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Venelin M. Gerganov, Nirjhar Hore, Christian Herold, Karsten Wrede, Alexandru C. Stan, Amir Samii and Madjid Samii

✓Although intracranial metastases of malignant melanomas are common, localization at the cerebellopontine angle (CPA) or in the internal auditory canal (IAC) is rare, and bilateral presentation especially so. We present the case of a 46-year-old Caucasian woman with bilateral IAC/CPA lesions and a prior history of malignant melanoma on the right leg. During preoperative investigations, the presence of the bilateral IAC/CPA lesions along with several radiologically identified lesions along the neural axis led to the suspicion that she had neurofibromatosis Type 2 despite her history of malignant melanoma and the lack of characteristic skin lesions and family history. Histopathological analysis of the resected lesion confirmed the intraoperative diagnosis of bilateral CPA malignant melanoma metastases. Surgical removal of the tumors via the retrosigmoid approach with preservation of normal bilateral facial nerve function and unilateral serviceable hearing, combined with control of the systemic disease, provided this patient with a near-normal quality of life for at least 42 months after the initial diagnosis of melanoma.

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Amir Samii, Venelin M. Gerganov, Christian Herold, Nakamasa Hayashi, Takahiko Naka, M. Javad Mirzayan, Helmut Ostertag and Madjid Samii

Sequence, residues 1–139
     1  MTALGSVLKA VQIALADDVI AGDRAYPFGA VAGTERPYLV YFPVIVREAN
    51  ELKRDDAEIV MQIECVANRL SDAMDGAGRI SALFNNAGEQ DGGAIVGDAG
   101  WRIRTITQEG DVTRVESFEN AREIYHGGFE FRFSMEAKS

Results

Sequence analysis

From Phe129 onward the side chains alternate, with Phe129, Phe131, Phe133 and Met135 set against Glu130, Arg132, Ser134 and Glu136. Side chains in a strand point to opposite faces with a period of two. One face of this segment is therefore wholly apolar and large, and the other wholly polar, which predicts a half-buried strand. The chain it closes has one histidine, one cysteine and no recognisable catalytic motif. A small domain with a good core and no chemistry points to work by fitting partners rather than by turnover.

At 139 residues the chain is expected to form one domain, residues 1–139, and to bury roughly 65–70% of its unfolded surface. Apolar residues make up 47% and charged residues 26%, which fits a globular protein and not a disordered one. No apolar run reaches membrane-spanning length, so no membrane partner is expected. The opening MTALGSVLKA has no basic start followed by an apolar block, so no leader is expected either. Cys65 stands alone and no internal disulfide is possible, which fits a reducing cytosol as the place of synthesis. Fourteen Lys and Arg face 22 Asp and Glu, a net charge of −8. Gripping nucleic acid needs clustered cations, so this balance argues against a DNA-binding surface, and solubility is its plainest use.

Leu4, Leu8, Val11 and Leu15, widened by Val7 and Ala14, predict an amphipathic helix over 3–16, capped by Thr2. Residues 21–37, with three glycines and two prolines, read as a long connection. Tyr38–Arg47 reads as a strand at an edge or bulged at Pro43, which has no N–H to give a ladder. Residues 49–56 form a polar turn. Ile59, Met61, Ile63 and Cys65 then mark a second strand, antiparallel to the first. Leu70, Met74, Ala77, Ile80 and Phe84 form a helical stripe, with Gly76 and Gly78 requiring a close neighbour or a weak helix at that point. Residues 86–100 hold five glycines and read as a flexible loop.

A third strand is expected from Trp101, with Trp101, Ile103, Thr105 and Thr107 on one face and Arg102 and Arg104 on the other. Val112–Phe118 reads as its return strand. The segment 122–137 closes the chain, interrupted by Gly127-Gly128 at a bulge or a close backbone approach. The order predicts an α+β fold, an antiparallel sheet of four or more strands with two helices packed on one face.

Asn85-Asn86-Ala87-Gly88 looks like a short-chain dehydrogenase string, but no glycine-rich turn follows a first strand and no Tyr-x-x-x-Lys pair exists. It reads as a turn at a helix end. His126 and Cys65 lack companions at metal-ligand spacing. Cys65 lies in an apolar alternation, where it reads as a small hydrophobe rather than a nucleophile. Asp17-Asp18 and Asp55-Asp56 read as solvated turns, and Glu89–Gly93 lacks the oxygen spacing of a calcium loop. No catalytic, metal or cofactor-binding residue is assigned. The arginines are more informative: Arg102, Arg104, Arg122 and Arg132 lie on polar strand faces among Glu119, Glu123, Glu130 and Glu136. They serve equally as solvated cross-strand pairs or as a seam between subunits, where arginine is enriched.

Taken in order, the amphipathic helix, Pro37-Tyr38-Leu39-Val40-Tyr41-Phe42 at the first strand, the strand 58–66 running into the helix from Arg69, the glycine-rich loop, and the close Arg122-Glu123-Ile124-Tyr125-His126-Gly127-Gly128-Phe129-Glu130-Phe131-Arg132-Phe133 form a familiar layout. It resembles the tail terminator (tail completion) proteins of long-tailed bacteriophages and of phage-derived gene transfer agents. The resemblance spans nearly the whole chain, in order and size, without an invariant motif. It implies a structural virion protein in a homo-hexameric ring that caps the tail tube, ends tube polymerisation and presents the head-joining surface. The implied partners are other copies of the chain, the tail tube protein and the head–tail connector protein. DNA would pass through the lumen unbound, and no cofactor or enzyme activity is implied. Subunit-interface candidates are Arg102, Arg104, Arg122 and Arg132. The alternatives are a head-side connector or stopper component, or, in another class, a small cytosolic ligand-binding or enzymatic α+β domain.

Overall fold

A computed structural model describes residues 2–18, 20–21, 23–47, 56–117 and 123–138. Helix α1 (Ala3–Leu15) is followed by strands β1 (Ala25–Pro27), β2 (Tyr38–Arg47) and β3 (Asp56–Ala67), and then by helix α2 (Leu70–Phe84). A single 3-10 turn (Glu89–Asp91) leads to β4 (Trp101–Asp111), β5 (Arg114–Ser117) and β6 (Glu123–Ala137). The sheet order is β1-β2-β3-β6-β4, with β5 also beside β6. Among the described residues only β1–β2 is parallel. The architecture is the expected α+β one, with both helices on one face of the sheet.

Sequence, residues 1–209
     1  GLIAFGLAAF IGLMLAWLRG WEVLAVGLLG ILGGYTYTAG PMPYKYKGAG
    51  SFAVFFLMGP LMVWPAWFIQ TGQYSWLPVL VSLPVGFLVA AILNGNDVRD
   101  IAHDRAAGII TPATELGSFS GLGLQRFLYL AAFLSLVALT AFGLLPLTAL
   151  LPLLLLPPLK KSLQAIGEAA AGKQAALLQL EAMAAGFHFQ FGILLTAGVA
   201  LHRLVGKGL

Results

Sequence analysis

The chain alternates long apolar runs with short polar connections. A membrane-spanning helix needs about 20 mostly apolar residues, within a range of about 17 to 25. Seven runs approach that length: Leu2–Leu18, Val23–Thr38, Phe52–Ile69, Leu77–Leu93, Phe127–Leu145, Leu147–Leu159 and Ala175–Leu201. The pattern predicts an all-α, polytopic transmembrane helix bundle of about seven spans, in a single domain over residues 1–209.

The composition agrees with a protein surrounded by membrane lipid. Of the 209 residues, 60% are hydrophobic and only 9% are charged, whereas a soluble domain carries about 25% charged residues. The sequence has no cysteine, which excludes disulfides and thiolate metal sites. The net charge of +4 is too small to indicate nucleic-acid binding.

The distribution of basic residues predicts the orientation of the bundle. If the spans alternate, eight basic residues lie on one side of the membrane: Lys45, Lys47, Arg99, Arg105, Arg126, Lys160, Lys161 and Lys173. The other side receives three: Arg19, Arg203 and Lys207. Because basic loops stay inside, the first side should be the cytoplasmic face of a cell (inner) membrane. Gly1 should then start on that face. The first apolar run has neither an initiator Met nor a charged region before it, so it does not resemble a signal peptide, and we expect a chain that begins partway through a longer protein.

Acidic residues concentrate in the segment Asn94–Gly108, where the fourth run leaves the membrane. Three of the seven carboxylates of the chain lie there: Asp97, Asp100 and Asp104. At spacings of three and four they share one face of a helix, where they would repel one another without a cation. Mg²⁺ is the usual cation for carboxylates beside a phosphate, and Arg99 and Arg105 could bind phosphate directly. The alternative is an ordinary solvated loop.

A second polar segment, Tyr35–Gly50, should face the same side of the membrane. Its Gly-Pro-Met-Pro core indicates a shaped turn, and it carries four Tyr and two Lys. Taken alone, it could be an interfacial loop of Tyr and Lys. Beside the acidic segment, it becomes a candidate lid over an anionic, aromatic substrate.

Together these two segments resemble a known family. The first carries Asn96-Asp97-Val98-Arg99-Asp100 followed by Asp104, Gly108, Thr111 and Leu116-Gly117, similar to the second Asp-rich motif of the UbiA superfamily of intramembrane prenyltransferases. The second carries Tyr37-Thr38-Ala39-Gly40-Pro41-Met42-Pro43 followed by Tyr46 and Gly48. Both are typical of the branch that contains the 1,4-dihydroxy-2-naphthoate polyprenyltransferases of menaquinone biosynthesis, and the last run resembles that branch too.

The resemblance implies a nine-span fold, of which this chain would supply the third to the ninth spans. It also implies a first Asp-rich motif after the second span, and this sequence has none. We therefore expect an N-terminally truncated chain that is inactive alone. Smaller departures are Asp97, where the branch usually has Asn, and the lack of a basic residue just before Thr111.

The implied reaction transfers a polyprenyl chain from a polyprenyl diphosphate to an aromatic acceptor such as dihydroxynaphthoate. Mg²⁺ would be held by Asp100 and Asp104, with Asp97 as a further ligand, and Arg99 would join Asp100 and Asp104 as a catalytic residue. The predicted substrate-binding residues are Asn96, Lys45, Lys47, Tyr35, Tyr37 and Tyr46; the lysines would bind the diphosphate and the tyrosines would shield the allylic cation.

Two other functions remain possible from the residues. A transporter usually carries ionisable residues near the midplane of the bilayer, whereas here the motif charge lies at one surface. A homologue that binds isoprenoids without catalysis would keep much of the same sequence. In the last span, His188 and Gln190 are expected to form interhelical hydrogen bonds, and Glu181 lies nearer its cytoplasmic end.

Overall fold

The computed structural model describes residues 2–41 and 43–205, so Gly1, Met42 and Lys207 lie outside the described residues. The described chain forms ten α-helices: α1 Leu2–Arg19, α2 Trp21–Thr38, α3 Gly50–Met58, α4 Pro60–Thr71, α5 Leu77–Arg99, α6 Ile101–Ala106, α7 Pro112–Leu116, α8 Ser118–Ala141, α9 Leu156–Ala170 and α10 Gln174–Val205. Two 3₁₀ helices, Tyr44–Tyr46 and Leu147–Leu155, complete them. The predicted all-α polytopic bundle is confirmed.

The goal of this study was to report on the surgical management of skull base chordomas and to evaluate both the short- and long-term treatment outcomes.


The authors retrospectively studied data from 49 patients who had undergone consecutive surgeries at a single institution. They also analyzed patterns of chordoma extension. Complications and surgery-related morbidity were recorded. A Kaplan–Meier analysis was performed to determine survival rates in patients 5 and 10 years after their first surgery. Operative approaches were selected on the basis of the predominant tumor extension.


The approach used most frequently was the transethmoidal in 36.3%, followed by the pterional in 23.4% and the retrosigmoid in 23.4%. The tumor was totally removed in 49.4% and subtotally in 50.6%. The rate of total removal was highest at initial surgery (78%) and progressively declined thereafter. In 11.8% of cases a new neurological deficit developed, while the preoperative deficit remained unchanged. In 20% of cases the preoperative deficits improved, but new deficits also appeared. The 5- and 10-year survival rates are 65 and 39%, respectively.


With an individually tailored surgical approach, total tumor removal in 78% of the cases was achieved at the initial surgery. Radical surgery appears to increase slightly the surgical morbidity, but at the same time prolongs the recurrence-free interval. Chordomas cannot be regarded as surgically curable tumors given the 5- and 10-year survival rates in patients harboring such lesions.